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Kunarac case: a Pre-Trial Judge is appointed in order to speed up the proceedings.

Press Release . Communiqué de presse
(Exclusively for the use of the media. Not an official document)




The Hague, 22 June 1998




With the clear intention of enforcing the accused’s right to an expeditious trial and of speeding up the cases before them, on 18 June the Judges of Trial Chamber II (Judge Cassese, presiding, Judge May and Judge Mumba) decided, with the agreement of the parties, to appoint one of them as the pre-trial Judge in the case of Dragoljub Kunarac (Gagovic and others case).

This is the first time ever that such a measure is taken. The institution of a pre-trial Judge is likely to be formalized in the new version of the Rules of Procedure and Evidence discussed by the Judges.

Such a provision should address the concern of the length of pre-trial detention of accused caused by the continuously increasing case-load.

It should be recalled that the three Judges seating in the Kunarac case are currently involved in six cases (Dokmanovic, Kovacevic, Furundzija, Kupreskic, Kunarac and Krnojelac cases).

The Chamber’s order

The Trial Chamber’s order was issued in the case of Dragoljub Kunarac (one of the eight individuals named in the Gagovic and others Indictment) who voluntarily surrendered on 4 March 1998. The order was based on provisions of Article 21(4)(c) of the Statute, which guarantees the accused’s right "to be tried without undue delay" and Article 20(1) which enshrines the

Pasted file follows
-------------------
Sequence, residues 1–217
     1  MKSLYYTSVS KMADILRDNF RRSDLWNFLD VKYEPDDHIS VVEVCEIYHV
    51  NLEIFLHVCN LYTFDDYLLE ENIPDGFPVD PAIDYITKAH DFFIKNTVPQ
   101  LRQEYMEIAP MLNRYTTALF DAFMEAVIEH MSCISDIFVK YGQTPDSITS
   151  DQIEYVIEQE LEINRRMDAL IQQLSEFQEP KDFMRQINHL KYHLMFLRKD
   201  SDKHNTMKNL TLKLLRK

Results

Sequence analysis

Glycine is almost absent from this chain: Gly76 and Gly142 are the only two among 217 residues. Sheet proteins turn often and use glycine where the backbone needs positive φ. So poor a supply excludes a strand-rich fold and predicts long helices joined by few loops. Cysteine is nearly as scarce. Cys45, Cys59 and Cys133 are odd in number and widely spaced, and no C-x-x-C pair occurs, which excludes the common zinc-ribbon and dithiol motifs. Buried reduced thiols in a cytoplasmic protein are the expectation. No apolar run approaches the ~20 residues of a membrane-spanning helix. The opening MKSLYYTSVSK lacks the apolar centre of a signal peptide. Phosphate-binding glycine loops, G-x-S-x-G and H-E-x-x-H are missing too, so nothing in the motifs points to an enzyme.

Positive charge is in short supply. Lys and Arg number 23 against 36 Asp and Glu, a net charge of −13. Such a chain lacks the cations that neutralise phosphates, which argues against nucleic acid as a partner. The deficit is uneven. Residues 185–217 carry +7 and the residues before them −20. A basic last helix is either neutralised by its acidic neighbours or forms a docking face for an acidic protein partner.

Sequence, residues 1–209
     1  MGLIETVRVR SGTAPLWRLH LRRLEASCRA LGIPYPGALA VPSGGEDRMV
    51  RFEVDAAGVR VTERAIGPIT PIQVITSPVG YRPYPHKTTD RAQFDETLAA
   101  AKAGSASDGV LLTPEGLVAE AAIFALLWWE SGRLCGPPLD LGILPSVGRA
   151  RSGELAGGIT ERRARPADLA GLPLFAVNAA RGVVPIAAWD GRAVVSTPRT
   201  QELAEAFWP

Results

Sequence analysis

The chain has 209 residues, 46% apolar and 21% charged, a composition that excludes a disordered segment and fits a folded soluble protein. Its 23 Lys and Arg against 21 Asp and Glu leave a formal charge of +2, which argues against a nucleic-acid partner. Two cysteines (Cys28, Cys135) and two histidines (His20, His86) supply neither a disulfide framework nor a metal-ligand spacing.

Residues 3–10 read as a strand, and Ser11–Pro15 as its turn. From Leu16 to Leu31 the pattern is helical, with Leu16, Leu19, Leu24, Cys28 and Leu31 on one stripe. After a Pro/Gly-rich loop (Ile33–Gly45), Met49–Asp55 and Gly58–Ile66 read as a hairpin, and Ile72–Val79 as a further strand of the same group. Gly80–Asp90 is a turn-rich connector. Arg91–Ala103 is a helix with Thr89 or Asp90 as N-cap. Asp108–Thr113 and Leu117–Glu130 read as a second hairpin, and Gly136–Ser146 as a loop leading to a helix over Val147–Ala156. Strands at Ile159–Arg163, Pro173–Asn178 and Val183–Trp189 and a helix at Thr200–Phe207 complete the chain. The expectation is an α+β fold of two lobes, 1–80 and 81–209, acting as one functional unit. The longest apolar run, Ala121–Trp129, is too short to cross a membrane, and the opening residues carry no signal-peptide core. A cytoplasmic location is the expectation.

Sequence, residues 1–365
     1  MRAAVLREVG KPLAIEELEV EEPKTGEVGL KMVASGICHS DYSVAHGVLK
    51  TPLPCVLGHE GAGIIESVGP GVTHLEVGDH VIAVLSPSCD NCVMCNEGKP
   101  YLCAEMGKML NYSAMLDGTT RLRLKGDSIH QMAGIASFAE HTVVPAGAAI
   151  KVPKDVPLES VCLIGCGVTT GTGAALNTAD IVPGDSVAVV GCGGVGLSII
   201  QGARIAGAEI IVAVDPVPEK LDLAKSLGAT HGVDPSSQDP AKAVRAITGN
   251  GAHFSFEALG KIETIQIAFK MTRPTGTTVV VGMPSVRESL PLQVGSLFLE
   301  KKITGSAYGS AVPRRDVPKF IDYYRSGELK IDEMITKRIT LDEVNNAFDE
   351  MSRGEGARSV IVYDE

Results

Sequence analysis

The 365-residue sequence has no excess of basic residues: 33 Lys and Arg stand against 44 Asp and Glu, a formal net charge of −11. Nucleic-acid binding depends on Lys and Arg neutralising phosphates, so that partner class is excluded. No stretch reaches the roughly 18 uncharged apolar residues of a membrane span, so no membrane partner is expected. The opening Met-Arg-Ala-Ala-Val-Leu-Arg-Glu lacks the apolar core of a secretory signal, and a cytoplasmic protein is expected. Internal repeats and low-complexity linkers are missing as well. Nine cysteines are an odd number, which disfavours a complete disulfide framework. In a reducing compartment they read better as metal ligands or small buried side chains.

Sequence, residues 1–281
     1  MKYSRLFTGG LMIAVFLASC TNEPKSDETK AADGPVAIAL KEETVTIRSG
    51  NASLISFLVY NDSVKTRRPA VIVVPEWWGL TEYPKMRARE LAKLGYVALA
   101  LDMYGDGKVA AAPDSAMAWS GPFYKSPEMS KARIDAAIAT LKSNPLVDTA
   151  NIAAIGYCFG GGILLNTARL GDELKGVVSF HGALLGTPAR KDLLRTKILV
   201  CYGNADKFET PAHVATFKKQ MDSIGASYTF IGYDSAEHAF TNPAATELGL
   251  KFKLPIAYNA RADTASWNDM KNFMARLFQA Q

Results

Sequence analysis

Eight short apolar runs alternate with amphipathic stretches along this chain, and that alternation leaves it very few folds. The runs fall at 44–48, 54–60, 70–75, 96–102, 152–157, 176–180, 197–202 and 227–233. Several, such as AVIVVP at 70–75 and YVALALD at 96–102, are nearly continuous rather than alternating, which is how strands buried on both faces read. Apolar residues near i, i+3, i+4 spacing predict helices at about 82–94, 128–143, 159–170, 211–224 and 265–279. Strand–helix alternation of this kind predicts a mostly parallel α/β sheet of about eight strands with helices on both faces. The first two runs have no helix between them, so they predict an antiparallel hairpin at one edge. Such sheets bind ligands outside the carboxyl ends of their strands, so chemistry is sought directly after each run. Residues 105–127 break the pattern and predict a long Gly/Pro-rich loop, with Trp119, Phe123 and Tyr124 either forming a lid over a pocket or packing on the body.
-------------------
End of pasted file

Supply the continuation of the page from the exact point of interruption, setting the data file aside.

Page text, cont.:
right to a fair and expeditious trial. The Trial Chamber then considered that "[…] it is in the interest of justice and of a more expeditious and effectively managed trial to appoint a pre-trial Judge to be responsible for pre-trial matters on behalf of the Trial Chamber […]".

The Trial Chamber also relied on the agreement of the parties, stating that it had heard "the parties at a status conference held on 20 April 1998 on the appointment of a pre-trial Judge and […] the agreement of the parties to the appointment of Judge Florence Ndepele Mwachande Mumba as a pre-trial Judge in this matter".

The pre-trial Judge

The pre-trial Judge will conduct, after the initial appearance hearing and until the beginning of the trial, pre-trial proceedings and matters, making thus unnecessary the holding of hearings before the full Chamber. The pre-trial Judge will be empowered to rule on pre-trial motions, save preliminary motions, and will make sure that unnecessary delays are avoided. The pre-trial
Judge will constantly report to his or her fellow members of the Chamber, which retains the overall control over the case.